The world is changing fast and to keep up you need local knowledge with global context.
According to the Special Investigation Unit (SIU), a total of 5 523 Eskom employees are being investigated for various offences. These relate to failing to declare personal interests, and doing business with Eskom.
Of these employees, 5 452 failed to submit declarations, and 60 were found to have conflicting interests. The SIU presented the findings at the Standing Committee on Public Accounts (Scopa) in Parliament last week. Investigations into Eskom commenced in August 2018.
Head of SIU, Adv Andy Mothibi says on disciplinary referrals, conflict of interest is where it all goes wrong. Interfering with procurement processes, and deliberate management of contracts by Eskom management led to some of these offences.
The SIU’s areas of investigation into Eskom include the following:
- 135 officials who are doing business with Eskom valued in excess of R6 billion
- 34 red-flagged former or current Eskom employees
- 5 452 officials who failed to submit their declaration of interest
- 3 Tegeta Coal Supply Agreements (CSA) namely Brakfontein, Optimum and Koornfontein. The contract worth R3.7 billion for Brakfontein CSA was declared by the High Court. This followed an application by the SIU. Eskom seeks to recover nearly R1 billion as a result of delivery on non-compliant coal. The SIU and Eskom have instituted action against 12 parties in relation to the Optimum Coal Mine purchase by Tegeta (R3.8 billion).
- 20 build contractors (29 packages contract packages at Kusile (21), Medupi (5) Matla (1), Majuba (1) and Ingula (1) have been red-flagged for investigation. Of these, investigations into 19 are ongoing, and the remaining 10 are still pending.
- 14 coal transportation service providers
- 7 diesel suppliers
- 2 contracts for cloud computing software support and licences. SIU has evidence pointing towards payment of kickbacks valued at R100 million. This was paid to a sub-contractor to secure Eskom contracts for contractor.
- 2 engineering and project management contracts at Matla and Majuba power stations
Since 2018, Eskom has repeatedly said it would subject its major contracts to investigations. If evidence of criminal activity is found, law enforcement agencies would be involved, and contracts cancelled where possible, says Mantshantsha.
In addition, Eskom would attempt to recoup any losses resulting from these cases, says Eskom national spokesperson, Sikonathi Mantshantsha.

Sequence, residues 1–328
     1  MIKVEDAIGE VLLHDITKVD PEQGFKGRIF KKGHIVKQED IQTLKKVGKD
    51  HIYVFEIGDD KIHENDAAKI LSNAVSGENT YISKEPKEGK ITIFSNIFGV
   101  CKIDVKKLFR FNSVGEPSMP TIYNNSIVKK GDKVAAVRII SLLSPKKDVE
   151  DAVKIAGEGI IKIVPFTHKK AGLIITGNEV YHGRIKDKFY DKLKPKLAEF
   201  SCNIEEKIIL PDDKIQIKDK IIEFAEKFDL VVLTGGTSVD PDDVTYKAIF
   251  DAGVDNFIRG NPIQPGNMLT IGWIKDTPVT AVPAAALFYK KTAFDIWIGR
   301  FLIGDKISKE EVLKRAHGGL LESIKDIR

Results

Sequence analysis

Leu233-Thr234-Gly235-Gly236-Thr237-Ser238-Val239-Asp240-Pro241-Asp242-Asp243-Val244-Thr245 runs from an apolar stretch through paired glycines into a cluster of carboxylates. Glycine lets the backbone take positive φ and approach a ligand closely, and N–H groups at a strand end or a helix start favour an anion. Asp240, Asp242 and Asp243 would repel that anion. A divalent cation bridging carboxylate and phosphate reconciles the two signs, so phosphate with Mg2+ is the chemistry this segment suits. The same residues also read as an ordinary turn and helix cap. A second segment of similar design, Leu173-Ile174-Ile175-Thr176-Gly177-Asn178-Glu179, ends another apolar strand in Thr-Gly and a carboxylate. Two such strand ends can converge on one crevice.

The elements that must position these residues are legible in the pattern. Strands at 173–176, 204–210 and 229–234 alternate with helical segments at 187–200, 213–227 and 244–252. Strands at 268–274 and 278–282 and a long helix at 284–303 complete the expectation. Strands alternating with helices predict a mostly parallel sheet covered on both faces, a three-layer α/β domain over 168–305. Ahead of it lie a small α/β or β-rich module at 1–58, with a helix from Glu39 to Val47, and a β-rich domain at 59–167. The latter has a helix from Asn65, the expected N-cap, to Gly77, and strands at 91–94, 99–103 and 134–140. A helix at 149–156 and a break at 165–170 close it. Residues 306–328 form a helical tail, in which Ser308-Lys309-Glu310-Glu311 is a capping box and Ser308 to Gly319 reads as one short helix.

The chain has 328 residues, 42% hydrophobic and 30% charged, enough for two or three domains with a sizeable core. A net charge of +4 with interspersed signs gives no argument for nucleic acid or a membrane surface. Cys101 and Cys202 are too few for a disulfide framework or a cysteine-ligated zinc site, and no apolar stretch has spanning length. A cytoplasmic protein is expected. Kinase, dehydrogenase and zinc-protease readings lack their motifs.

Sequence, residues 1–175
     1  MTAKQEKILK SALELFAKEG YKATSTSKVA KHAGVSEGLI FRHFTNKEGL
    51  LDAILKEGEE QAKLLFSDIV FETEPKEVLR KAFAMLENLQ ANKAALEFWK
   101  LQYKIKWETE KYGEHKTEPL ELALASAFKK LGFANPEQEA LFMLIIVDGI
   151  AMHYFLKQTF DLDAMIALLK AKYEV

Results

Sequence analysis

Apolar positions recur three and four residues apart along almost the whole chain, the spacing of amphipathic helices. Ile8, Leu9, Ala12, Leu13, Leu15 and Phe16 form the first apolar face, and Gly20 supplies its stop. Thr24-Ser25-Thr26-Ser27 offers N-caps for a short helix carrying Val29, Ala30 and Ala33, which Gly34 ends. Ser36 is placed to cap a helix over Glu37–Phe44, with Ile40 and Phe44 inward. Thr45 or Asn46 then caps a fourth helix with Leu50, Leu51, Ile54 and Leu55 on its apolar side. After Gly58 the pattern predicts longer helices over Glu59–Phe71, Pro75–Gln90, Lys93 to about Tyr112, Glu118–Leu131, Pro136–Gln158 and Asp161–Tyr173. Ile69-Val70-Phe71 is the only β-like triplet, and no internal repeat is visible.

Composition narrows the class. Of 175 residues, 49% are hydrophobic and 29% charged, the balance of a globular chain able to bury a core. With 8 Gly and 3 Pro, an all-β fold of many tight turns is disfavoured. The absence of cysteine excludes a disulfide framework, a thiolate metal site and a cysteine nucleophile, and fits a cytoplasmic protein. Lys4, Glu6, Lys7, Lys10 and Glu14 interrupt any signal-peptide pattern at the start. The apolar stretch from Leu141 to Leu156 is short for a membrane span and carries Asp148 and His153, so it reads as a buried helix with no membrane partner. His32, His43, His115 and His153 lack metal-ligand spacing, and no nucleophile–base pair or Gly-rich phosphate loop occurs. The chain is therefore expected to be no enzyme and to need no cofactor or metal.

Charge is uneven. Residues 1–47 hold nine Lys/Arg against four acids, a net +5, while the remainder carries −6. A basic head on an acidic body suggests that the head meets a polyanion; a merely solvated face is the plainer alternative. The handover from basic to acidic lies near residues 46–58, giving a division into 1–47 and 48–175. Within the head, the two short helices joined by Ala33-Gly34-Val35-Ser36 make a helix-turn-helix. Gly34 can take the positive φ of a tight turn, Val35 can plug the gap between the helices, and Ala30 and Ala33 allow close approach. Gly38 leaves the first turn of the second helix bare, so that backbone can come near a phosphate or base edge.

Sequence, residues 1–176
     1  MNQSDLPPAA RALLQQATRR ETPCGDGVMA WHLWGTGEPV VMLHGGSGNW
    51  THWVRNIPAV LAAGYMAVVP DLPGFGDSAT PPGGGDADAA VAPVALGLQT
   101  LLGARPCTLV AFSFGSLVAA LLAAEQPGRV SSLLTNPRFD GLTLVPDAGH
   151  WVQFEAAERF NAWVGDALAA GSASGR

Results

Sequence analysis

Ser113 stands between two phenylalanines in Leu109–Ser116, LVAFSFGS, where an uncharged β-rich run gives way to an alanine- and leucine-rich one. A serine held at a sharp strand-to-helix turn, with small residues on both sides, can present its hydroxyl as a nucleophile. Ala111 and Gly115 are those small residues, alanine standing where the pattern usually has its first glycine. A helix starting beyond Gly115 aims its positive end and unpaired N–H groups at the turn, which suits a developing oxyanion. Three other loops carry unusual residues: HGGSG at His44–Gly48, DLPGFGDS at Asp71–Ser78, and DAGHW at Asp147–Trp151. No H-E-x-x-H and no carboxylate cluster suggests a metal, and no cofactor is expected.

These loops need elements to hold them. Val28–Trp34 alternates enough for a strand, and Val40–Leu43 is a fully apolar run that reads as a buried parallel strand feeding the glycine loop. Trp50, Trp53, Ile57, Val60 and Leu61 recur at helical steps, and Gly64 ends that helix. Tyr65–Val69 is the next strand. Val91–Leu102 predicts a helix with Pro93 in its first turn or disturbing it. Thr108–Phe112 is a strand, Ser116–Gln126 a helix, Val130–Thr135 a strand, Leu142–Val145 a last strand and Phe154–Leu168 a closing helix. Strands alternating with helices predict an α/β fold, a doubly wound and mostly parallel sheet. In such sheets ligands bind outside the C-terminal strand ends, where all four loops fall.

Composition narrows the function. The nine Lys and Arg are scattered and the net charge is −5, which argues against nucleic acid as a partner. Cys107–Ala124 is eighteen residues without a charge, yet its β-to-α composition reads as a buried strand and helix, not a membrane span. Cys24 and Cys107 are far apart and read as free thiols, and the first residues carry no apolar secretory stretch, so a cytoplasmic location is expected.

Adv Mothibi told Scopa that the SIU investigation indicates consequence management on the part of Eskom. However, he says they would like to see this resulting in prosecution, and where possible, recouping some of the plundered funds. something which they take seriously. Adv Mothibi says 39 and 32 cases have been referred to the National Prosecuting Authority and Asset Forfeiture Unit respectively.
Civil action has been instituted on two matters relating to the Brakfontein and Optimum mines. Assets to the value of R3.7 billion in the Brakfontein matter has been set aside. In addition, the value of matters in which counsel has been briefed is about R3.9 billion of worth of contracts.
“The SIU has assisted Eskom with a R400 million saving, and we hope to recover R8.74 billion.”
Conflicts of interest
Some 5 512 referrals were made to Eskom to institute disciplinary procedures. As of September 2020, 5 452 referrals of referrals who failed to submit declarations to the power utility. Of this number, 60 employees are doing business with Eskom or failed declare their interest outside of Eskom.
Disciplinary proceedings are still in progress against134 officials. Eskom has commenced disciplinary of 15 of its employees, and closed matters on six others. Four officials resigned, and Eskom management chose not to discipline the other four.
Mantshantsha says disciplinary procedures are taken against employees where wrongdoing is found in terms of Eskom policy.
34 officials red-flagged for further investigation
A lifestyle audit on the executives and managers conducted by ENS has red-flagged 34 employees to the SIU for further investigation.
Mantshantsha says hundreds of Eskom executives, managers and their immediate families were subjected to lifestyle audits to weed out ‘undesirable elements’ in the workforce.
“These lifestyle audits have been extended to the top 400 employees at managerial levels. Critical teams like those in the procurement and primary energy divisions are also subject to lifestyle audits,” says Mantshantsha.
He notes that few employees and their families have declined to go through the audits. Some cases have been referred to the law enforcement agencies like the SIU the South African Police Service (SAPS) for investigation on numerous allegations, says Mantshantsha.
“Over 100 charges of corruption have been filed with the SAPS, both against Eskom employees and suppliers to date,” says Mantshantsha.
Mothibi says eight employees have been referred to Eskom for disciplinary and seven have resigned. One of the employees who resigned is still under investigation for their involvement in relation to build projects. Adv Mothibi says 19 investigations relating to lifestyle audits are still ongoing.
“The SIU would pursue officials that have resigned if evidence points to criminal action.” Adv Mothibi says should evidence prove participation in any action causing damage to Eskom, officials will be pursued as part of a civil lawsuit.
Eskom is cooperating fully with the investigation. “We both have the same objective to retain Eskom to its functionality to supply power effectively. To achieve this, corruption and irregularities should be dealt with,” adds Mothibi.
Cyril Ramaphosa: The Audio Biography
Listen to the story of Cyril Ramaphosa's rise to presidential power, narrated by our very own Alec Hogg.